We include products we think are useful for our readers. If you buy through links on this page, we may earn a small commission. Here’s our process.

Medical News Today only shows you brands and products that we stand behind.

Our team thoroughly researches and evaluates the recommendations we make on our site. To establish that the product manufacturers addressed safety and efficacy standards, we:
  • Evaluate ingredients and composition: Do they have the potential to cause harm?
  • Fact-check all health claims: Do they align with the current body of scientific evidence?
  • Assess the brand: Does it operate with integrity and adhere to industry best practices?
We do the research so you can find trusted products for your health and wellness.
Was this helpful?

The best at-home testosterone tests include kits from LetsGetChecked, Everlywell, and myLAB Box. Read how tests compare on ease of use, affordability, and results time.

A note about sex and gender

Sex and gender exist on spectrums. This article will use the terms “male,” “female,” or both to refer to sex assigned at birth. Click here to learn more.

Was this helpful?

People may take a testosterone test if they experience low or high testosterone symptoms.

Please note that the writer of this article has not tried these products.

All quotes are provided by a Medical News Today Editor, Lois Zoppi, who received a free testosterone test from LetsGetChecked to review.

The following table compares the at-home testosterone tests in this article.

Collection methodResults timePrice InsuranceFeatures
LetsGet
Checked
finger prick2–5 days$69FSA and HSA payments acceptednurses available 24 hours a day
Everlywellsaliva2–5 days$69FSA and HSA payments acceptedsubscription available
myLAB Boxsaliva2–5 days$79FSA and HSA payments accepted• FDA-registered tests
• offers doctor consultations
Verisanasaliva3 weeks$49.95nosamples can be frozen
Home Test Boxsaliva2–5 days$64.95FSA and HSA payments accepted• offers interest-free installments
• free shipping
Labcorp OnDemandfinger prick1 day$69FSA and HSA payments accepted• suitable for those less confident about providing samples
• suitable for monitoring health conditions

Medical News Today chooses at-home testosterone tests that meet the following criteria:

  • Laboratories: Where possible, MNT will choose companies that process test samples in CLIA certified labs. This means they follow state and federal regulations.
  • Sample type: MNT will include tests requiring saliva samples, which may be better for people uncomfortable with blood samples.
  • Test result speed: MNT chooses companies that promise fast results.
  • Further support: MNT includes companies that can help interpret a person’s testosterone level result.
  • Budget: MNT chooses at-home tests that suit a wide range of budgets. While most at-home companies do not accept insurance, MNT includes ones that accept HSA/FSA payments.

Medical News Today follows a strict product selection and vetting process. Learn more.

Was this helpful?

Testosterone is a male sex hormone that regulates male sex characteristics, fertility, and sperm production. It also influences male hair patterns, voice deepening, and growth. Testosterone levels typically decline as a person ages, but some may have low testosterone due to certain health conditions.

A person should take a home testosterone test if they have symptoms of low testosterone.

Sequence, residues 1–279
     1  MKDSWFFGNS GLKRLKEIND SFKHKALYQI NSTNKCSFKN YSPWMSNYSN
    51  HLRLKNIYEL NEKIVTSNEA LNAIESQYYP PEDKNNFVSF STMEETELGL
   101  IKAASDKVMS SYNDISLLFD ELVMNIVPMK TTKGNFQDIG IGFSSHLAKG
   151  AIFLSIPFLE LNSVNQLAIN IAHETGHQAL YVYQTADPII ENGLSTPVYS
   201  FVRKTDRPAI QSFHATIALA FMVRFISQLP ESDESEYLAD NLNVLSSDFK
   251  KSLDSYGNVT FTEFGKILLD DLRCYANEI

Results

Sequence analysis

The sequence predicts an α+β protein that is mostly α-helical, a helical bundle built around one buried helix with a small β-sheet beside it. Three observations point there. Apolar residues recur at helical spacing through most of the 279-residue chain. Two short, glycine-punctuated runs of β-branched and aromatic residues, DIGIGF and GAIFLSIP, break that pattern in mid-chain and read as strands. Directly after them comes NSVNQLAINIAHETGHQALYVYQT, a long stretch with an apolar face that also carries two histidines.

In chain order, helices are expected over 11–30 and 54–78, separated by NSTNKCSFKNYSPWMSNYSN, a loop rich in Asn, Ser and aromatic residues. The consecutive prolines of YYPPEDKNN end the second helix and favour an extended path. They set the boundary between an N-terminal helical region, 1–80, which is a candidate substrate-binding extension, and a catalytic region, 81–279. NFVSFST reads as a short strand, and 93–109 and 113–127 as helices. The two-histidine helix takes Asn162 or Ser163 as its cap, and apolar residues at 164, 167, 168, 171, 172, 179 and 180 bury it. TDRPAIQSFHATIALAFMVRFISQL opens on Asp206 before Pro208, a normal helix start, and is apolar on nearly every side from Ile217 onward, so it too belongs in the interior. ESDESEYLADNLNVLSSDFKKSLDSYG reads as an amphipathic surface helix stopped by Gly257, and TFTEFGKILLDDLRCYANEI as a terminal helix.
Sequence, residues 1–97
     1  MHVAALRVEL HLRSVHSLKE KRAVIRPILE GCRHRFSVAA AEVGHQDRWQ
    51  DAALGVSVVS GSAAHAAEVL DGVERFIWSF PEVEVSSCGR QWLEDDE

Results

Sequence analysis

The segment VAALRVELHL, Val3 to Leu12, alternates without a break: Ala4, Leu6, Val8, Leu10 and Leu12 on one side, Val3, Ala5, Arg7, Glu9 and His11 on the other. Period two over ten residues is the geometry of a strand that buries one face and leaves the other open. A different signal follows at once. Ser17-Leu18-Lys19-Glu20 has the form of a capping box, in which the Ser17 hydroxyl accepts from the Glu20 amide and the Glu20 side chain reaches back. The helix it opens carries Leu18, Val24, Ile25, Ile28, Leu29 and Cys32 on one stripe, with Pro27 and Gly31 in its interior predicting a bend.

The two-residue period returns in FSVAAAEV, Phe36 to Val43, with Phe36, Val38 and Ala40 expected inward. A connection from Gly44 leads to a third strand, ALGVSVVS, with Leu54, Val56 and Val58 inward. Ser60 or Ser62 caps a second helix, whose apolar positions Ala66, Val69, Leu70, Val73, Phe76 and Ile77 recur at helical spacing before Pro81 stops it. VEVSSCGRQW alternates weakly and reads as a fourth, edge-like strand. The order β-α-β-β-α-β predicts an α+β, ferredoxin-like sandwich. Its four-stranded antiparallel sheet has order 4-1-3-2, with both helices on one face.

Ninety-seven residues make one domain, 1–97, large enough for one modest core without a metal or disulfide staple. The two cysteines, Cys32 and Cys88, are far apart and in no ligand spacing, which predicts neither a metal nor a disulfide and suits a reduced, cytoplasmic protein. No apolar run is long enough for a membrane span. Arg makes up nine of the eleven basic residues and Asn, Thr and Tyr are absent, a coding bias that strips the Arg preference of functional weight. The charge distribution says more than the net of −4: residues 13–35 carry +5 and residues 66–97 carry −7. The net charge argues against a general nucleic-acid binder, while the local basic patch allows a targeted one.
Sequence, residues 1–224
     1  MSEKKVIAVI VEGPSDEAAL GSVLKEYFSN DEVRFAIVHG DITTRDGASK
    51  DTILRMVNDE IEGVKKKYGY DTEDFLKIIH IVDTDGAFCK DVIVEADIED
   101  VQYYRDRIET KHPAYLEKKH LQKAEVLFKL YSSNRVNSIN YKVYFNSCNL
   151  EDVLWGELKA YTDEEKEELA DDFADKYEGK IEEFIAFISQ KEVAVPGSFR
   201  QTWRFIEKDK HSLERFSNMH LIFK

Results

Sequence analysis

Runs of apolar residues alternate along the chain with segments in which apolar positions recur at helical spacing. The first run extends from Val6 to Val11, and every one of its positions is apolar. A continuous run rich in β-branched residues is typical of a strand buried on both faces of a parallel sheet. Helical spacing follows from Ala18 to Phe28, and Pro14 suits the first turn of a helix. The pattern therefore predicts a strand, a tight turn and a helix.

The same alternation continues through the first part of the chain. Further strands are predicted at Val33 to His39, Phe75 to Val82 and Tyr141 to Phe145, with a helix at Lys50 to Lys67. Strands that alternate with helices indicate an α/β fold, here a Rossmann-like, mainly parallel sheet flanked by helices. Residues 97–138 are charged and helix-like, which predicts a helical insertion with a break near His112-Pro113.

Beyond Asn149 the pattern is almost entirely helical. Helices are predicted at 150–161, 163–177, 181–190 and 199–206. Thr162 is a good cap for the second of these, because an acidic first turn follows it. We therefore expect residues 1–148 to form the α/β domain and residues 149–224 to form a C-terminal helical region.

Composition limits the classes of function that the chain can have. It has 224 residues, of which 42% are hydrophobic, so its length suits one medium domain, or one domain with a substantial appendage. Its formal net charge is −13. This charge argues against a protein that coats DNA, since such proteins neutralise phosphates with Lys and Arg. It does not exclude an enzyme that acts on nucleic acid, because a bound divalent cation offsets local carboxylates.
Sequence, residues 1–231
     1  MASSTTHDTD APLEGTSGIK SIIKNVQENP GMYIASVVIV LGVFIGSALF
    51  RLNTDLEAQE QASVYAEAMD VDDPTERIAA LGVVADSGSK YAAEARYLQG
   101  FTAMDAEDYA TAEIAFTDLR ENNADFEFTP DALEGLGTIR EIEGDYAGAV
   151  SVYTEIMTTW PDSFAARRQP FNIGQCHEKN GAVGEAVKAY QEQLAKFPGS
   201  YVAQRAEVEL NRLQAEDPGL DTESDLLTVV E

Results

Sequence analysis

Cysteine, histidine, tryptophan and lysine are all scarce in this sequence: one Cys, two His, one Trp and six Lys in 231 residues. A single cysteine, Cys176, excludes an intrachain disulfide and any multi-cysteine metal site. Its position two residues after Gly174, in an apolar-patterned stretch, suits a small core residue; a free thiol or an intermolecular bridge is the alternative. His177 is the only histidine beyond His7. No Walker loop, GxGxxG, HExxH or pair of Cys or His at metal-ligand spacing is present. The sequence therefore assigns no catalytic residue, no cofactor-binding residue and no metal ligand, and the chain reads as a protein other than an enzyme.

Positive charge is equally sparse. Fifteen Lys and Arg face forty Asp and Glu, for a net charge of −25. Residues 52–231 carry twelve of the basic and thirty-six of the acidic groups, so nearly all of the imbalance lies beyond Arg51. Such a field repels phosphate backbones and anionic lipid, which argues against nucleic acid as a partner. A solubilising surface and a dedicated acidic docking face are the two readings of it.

In males, these may include:

However, these symptoms may not exclusively relate to low testosterone.

Alternatively, if a person believes they may be experiencing an excess of testosterone, with symptoms such as excessive hair growth or voice deepening, they could also take the test.

Monitoring testosterone levels is important for transgender men and transmasculine people undergoing female-to-male testosterone therapy, which is also called T therapy. Current guidelines, which date back to 2016, state that people should check their testosterone levels every 3 months for the first year they use hormone therapy. After this, they can check less regularly every 6–12 months.

If an individual has severe symptoms of high or low testosterone, they should not take an at-home test and instead contact a doctor for advice. People should not make health decisions according to the results of an at-home testosterone test without first discussing them with a doctor.

Testosterone levels will vary according to a person’s sex, age, and thyroid function. However, doctors typically state that males have a testosterone level starting around 300 nanograms per deciliter (ng/dL).

If an individual’s at-home test results are higher or lower than average, they should discuss them with a doctor, who may wish to conduct further tests and provide treatment if necessary. Insurance providers may cover treatment costs.

Those with low testosterone who undergo testosterone treatment may experience many benefits, including improved memory and reduced depressive symptoms. However, research is still limited.

The Urology Care Foundation states a person should always have a testosterone test before starting any treatment, as it may be unsafe.

A person should consider the following when choosing an at-home testosterone test:

  • Price: Some testosterone tests can be expensive. A person should speak with a doctor to see if the test will be useful for them.
  • Collection method: A person may also prefer a specific sample collection method. Some tests require a blood sample that typically involves a finger prick. Others may require a lab visit for a blood draw, and some may require a person to take a saliva sample.
  • Scope of test: Tests will look for different things, and a person should check what a company tests for before purchasing to ensure they will get the information they need in their results.